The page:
THURSDAY, Nov. 26, 2015 (HealthDay News) -- Even with regular exercise, people with heart disease who sit too much have worse health than those who sit less, a new study suggests.
Previous research has linked too much sitting with an increased risk of heart disease. But the authors of this study say it's the first to examine the impact of too much sitting on people who already have heart disease.
The study included 278 heart disease patients who had been taught how to increase their exercise levels. For nine days, they wore monitors that recorded their activity levels. The researchers also assessed various indicators of health including body mass index (BMI) and heart-lung fitness.
These heart patients spent an average of eight hours a day sitting, the study found. On average, men sat an hour more daily than women, mostly because women engaged in more light intensity activity such as housework or running errands.
Patients who spent more time sitting had a higher BMI and lower heart-lung fitness, according to the study published Nov. 26 in the European Journal of Cardiovascular Prevention. BMI is an estimate of body fat based on height and weight.
"These relationships remained even when we controlled for an individual's age, gender or physical activity levels. In other words, people who sat for longer periods were heavier and less fit regardless of how much they exercised," said lead author Stephanie Prince, a post-doctorate fellow in the division of prevention and rehabilitation at the University of Ottawa Heart Institute, in Canada.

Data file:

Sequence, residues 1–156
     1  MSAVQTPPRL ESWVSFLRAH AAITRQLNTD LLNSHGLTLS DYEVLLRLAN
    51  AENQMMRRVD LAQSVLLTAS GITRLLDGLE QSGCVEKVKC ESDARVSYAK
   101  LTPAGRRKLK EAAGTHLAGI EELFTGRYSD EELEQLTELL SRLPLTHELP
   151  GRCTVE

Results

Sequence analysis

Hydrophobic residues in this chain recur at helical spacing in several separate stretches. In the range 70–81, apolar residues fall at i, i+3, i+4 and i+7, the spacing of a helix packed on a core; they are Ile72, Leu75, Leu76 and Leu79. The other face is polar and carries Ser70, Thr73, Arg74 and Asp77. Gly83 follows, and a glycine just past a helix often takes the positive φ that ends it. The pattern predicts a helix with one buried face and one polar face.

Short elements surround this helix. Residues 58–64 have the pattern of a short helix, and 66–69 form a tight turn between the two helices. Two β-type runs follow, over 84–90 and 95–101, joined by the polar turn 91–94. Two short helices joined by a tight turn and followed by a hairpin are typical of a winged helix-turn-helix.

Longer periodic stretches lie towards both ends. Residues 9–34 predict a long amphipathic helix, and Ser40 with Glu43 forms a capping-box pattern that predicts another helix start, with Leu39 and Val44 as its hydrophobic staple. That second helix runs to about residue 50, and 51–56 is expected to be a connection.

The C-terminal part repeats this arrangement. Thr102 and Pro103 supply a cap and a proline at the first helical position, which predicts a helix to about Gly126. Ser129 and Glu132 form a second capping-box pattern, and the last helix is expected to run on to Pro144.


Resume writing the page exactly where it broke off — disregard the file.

"Women with coronary artery disease spend less time sitting for long periods but we need to do more research to understand why," she said in a journal news release. "There is some research from the past which suggests that at around the age of 60 men become more sedentary than women and may watch more TV."
Some easy ways to get some activity include getting up and moving every 30 minutes. The researchers also suggest standing up during TV commercials or doing light exercises while watching TV, or taking regular breaks from your desk.
However, Prince emphasized that sitting less is not a replacement for exercise.
"It's important to limit prolonged bouts of sitting and in addition to be physically active," she said. "Sedentary time may be another area of focus for cardiac rehabilitation programs along with exercise."
The U.S. National Heart, Lung, and Blood Institute offers a guide to physical activity.
SOURCE: European Journal of Cardiovascular Prevention, news release, Nov. 25, 2015
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